As the fate of Arcadia hangs in the balance, there is a danger that this week’s CVA vote will turn into a popularity poll on owner Sir Philip Green.
The last year has been tumultuous for the tycoon. Not only is his fashion empire on its knees, he has had a spectacular personal fall from grace as allegations of bullying and inappropriate behaviour made headlines – the latest of which emerged from the US just last Friday.
Some of those allegations, all denied by Green, may make their way to court. That is the right place for them.
A lot of people may not like Green but that should not, on its own, determine whether or not Arcadia, and the 18,000 people who work there, are thrown a lifeline by creditors at Wednesday’s crunch CVA meeting.
There is plenty to criticise about how Arcadia has been run in recent years and that is Green’s responsibility. It’s especially galling that the Green family took a £1bn dividend out of Arcadia. But the vote is not about the mistakes or excesses of the past. It is, like other recent CVAs, about whether the retailer has a viable future.
The Topshop owner is proposing store closures and rent cuts, which should help address costs. It also intends to build its ecommerce operations by, for instance, selling on Asos at long last, while brands such as Evans and Miss Selfridge will refocus away from stores and concentrate on wholesale, concessions and digital. If the plan pays off, an improvement in earnings should be quickly evident.
It might be argued that some of these initiatives, especially the online shift, should have been implemented before now. However, arguments about what might have been are redundant when, if the CVA is not approved, the next stop for Arcadia is administration.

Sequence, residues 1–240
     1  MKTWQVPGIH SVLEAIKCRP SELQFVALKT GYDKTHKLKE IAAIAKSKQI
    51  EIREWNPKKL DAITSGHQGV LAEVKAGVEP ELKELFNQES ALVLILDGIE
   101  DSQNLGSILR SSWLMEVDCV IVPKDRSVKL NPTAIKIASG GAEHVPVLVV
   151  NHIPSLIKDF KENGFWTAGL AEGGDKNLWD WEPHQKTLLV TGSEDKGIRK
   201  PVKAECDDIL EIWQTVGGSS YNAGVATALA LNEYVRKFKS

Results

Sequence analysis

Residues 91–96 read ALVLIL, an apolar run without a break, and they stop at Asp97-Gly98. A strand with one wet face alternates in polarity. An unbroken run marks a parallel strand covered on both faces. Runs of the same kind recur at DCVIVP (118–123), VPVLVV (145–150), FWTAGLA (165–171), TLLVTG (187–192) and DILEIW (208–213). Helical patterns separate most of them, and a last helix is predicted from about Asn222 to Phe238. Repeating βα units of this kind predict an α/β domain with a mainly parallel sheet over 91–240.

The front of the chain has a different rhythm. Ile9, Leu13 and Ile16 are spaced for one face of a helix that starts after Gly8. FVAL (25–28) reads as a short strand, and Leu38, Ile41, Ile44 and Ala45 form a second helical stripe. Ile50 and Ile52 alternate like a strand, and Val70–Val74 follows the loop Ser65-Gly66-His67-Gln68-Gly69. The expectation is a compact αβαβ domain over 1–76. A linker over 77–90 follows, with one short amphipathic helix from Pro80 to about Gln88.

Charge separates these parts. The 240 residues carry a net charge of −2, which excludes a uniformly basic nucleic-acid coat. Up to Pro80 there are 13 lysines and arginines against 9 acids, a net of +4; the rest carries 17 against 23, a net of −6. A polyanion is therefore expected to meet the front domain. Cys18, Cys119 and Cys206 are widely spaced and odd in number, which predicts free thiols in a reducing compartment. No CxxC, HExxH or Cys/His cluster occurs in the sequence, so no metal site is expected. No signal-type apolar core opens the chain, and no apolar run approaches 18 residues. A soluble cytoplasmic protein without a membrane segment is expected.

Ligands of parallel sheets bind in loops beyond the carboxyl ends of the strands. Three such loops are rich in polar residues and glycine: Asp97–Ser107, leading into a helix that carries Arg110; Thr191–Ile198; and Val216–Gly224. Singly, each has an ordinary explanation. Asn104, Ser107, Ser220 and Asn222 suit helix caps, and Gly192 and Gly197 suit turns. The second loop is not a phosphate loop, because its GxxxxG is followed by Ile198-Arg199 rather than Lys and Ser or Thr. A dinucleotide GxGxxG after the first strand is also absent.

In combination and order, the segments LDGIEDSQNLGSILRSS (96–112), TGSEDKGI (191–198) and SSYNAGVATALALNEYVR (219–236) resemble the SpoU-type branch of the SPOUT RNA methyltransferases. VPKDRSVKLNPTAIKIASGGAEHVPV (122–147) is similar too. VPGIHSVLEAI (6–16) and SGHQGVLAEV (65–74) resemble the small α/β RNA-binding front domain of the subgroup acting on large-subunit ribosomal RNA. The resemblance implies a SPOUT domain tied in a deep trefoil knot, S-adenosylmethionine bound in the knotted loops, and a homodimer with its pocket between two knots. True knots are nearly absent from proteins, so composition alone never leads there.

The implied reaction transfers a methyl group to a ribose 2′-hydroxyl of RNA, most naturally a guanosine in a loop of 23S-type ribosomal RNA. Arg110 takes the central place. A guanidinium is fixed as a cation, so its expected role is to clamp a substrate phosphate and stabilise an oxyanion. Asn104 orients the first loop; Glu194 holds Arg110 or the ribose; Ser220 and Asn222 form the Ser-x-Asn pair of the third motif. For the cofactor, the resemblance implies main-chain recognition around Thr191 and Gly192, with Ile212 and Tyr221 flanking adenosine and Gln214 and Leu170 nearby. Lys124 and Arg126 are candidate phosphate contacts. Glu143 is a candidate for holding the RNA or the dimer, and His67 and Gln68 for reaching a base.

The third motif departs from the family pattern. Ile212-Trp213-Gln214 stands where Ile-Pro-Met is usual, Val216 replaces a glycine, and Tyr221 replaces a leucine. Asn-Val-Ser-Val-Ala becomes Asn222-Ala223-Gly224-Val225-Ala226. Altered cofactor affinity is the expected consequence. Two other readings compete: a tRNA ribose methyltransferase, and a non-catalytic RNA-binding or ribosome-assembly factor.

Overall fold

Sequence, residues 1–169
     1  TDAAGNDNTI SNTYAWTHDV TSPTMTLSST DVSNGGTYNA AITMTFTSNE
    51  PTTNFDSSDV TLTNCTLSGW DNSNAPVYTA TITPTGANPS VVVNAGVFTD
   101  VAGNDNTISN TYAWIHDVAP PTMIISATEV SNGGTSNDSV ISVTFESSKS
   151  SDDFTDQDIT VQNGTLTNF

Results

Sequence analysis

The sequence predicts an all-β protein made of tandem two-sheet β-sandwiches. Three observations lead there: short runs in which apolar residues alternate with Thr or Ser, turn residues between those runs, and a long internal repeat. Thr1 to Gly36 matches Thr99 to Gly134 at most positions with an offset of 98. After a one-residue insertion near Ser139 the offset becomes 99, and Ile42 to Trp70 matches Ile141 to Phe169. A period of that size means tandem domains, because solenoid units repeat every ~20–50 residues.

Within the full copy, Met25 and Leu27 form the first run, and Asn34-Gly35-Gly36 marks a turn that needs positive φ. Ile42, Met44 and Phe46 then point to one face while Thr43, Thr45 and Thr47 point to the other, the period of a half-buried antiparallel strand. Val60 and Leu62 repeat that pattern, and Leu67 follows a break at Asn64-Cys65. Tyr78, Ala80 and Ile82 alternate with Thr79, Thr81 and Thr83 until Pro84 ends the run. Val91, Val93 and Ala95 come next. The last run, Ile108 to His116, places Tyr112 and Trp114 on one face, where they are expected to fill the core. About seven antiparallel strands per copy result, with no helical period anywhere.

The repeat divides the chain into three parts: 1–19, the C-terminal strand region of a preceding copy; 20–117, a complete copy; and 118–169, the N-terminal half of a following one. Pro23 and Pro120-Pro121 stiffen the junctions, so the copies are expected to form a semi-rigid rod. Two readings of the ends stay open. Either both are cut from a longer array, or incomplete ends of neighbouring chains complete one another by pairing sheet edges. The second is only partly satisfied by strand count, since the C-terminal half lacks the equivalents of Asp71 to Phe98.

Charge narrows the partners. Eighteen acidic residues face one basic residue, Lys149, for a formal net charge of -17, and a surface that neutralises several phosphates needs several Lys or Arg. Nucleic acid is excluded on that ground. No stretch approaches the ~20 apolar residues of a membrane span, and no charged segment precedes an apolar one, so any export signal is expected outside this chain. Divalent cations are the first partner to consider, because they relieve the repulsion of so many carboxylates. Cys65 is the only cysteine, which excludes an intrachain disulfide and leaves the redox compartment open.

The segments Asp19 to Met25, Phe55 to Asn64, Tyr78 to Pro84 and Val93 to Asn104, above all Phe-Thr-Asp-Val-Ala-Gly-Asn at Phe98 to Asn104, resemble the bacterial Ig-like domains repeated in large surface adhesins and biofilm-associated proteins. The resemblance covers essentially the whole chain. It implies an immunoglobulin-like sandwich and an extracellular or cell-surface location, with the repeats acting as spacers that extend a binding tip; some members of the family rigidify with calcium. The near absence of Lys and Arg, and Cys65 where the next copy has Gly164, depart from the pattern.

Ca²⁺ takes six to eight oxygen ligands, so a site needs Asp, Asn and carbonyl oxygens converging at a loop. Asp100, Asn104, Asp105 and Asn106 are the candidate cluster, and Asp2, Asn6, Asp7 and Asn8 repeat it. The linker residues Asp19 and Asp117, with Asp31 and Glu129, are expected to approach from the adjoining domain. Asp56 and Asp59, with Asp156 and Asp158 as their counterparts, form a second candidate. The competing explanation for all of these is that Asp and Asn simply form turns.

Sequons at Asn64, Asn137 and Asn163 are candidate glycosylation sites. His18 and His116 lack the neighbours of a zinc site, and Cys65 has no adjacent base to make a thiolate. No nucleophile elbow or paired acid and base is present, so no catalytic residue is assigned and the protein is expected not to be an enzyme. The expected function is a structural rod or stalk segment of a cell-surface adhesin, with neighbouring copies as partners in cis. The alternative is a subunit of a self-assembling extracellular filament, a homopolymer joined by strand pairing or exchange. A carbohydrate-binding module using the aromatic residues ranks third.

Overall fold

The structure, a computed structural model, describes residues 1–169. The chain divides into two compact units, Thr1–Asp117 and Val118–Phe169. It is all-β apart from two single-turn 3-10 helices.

Property owners are being asked to bear the brunt of the pain from the CVA and are justifiably angry about it. They are being offered equity in the event of a sale but, understandably, fear that amounts to jam tomorrow. But the alternative if Arcadia goes bust is no jam at all.
“After the scandal of BHS, it is right that the proposals on pensions face the fiercest scrutiny”
Arcadia is not breaking new ground with its requests. It is the latest in a long line of retailers seeking respite from a retail property model at breaking point.
The evidence is everywhere. Next, for instance, has reported that it negotiated rent reductions of 29% on the leases it renewed last year. That followed a 25% drop the previous year and Next predicted it would achieve “similar reductions in the year ahead”.
In its interim results just a couple of weeks ago, Shoe Zone disclosed it had won rent reductions of 18.5% on the leases it had renewed.
Across retail property, loan-to-value ratios are putting landlords’ covenants at risk.
None of that will change depending upon the outcome of the CVA, so landlords need to make their judgement based on what they stand to gain if an Arcadia turnaround succeeds. It’s hard to see how an administration will secure a better result, because it is unlikely that there would be a queue of takers for premises left empty.
The biggest issue the CVA raises, though, is the security of Arcadia’s pensions. After the scandal of BHS – also formerly owned by Green – it is right that the proposals on this aspect face the fiercest scrutiny.
I’m no expert on pensions, so I’ll take my guidance from someone who is – independent expert John Ralfe.
Ralfe, a former head of corporate finance at Boots, was a specialist adviser to the work and pensions select committee during its inquiry into BHS’ pensions and declares himself “no great supporter” of Green.
“In the absence of alternative medicine, the best option for creditors is surely to support Arcadia’s CVA”
Yet he says the proposals put forward in Arcadia’s case – to halve annual contributions to the pension deficit from £50m to £25m, in exchange for a £100m cash injection by Green’s wife and major shareholder Lady Tina Green over three years – are “a good deal for the Arcadia pension schemes”.
A CVA is never going to be popular. And a CVA from someone as unpopular as Green was always going to be particularly unpopular.
But the vote represents the chance to end up with something rather than nothing.
It may be the bitterest of pills to swallow and it may not work. But in the absence of alternative medicine, the best option for creditors is surely to support Arcadia’s CVA.